Estia beneficiaries may have up to 50% relief, official says

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By Stelios Orphanides

A senior finance ministry official said on Wednesday that Estia, the scheme designed to help struggling borrowers repay their loans, may provide a reduction of up to 50 per cent in their debts, coming from partial debt relief and reduced rate.

The scheme was passed on Tuesday by the council of ministers amid a general anticipation by political parties seeking the opportunity to extend support to affected voter groups following the island’s third banking crisis in six years.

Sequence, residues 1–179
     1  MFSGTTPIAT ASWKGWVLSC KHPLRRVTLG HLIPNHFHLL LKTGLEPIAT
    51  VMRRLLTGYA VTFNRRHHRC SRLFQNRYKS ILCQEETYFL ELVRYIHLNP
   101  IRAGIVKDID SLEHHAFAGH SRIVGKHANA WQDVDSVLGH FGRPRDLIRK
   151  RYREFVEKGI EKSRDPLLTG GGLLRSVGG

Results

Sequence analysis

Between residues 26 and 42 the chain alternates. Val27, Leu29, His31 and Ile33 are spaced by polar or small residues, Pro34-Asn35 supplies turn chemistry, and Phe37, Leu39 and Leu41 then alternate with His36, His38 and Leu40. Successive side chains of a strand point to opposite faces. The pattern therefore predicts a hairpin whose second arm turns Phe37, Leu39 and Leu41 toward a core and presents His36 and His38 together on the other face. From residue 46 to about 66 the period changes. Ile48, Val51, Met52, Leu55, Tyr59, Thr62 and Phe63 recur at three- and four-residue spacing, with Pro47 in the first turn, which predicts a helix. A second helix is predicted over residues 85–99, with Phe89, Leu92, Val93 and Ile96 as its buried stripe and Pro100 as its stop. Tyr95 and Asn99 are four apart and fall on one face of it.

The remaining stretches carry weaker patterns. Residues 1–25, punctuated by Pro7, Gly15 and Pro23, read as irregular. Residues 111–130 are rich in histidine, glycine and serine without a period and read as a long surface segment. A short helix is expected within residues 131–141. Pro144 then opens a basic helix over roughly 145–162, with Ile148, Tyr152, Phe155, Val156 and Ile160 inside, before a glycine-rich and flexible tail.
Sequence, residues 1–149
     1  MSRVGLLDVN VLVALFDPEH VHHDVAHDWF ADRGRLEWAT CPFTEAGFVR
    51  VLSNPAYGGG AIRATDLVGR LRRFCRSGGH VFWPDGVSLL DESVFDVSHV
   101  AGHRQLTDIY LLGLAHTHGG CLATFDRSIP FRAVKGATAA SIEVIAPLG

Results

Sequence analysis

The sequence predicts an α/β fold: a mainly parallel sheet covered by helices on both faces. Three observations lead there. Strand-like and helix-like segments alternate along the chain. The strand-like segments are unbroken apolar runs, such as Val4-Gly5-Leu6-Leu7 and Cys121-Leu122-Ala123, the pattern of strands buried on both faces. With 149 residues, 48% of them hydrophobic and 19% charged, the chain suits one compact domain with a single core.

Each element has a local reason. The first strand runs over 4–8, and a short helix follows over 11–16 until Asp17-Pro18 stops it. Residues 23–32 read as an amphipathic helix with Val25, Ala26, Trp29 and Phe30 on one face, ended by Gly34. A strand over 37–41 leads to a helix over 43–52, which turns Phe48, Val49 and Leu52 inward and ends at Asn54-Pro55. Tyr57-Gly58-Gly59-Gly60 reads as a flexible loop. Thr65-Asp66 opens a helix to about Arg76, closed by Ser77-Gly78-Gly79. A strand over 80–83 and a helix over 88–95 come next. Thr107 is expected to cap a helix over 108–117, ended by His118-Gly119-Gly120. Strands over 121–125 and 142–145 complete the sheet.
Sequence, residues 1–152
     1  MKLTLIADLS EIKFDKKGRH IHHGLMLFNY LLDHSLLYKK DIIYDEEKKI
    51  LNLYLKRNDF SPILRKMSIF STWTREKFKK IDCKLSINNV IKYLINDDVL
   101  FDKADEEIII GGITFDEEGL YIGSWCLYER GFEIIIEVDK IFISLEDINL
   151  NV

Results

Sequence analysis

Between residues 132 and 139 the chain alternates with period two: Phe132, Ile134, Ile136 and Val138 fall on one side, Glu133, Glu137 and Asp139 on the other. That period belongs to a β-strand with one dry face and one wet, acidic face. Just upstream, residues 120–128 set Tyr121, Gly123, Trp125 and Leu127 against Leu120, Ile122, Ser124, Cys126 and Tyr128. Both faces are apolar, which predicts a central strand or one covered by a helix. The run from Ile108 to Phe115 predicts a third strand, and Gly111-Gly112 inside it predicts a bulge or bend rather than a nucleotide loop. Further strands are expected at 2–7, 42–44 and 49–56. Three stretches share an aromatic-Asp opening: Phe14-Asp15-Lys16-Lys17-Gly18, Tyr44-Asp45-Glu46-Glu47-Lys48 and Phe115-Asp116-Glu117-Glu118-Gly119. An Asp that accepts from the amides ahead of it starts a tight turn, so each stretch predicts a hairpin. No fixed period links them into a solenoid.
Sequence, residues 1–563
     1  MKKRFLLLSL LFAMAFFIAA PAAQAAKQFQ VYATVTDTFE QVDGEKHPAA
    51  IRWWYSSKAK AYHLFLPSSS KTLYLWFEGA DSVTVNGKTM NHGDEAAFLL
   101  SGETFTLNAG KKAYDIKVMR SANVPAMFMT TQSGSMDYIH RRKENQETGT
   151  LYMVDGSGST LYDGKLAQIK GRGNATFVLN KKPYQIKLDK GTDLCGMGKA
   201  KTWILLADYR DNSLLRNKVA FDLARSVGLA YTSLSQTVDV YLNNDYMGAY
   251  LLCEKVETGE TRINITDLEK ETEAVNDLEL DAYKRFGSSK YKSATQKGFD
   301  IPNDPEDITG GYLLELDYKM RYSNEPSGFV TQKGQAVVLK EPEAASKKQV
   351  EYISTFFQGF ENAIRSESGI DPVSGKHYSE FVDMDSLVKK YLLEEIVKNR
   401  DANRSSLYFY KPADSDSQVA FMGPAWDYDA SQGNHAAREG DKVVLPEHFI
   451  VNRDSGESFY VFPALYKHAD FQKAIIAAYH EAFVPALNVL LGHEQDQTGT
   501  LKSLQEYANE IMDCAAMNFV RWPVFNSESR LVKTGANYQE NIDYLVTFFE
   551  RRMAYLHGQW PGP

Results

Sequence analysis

Estia “leads to a considerable decrease of the obligations of borrowers”, said Andreas Charalambous, head of the finance ministry’s directorate for financial stability. “We estimate 50 per cent.”

Charalambous, who was commenting in an interview to state-radio CyBC in the morning, said that the scheme “introduces proper incentives and therefore, response will be big allowing the scheme to succeed”.

The scheme allows borrowers, households or small and medium-size enterprises (SMEs), who have pledged their primary residence with a value of up to €350,000 as collateral, to have one third of their monthly payment paid by the taxpayer. Borrowers with an annual income of below €50,000 are eligible provided that the net value of their assets does not exceed to 125 per cent of the value of the home, i.e. €437,500.

According to the finance ministry official, Estia is expected to cover loans of up to €3bn.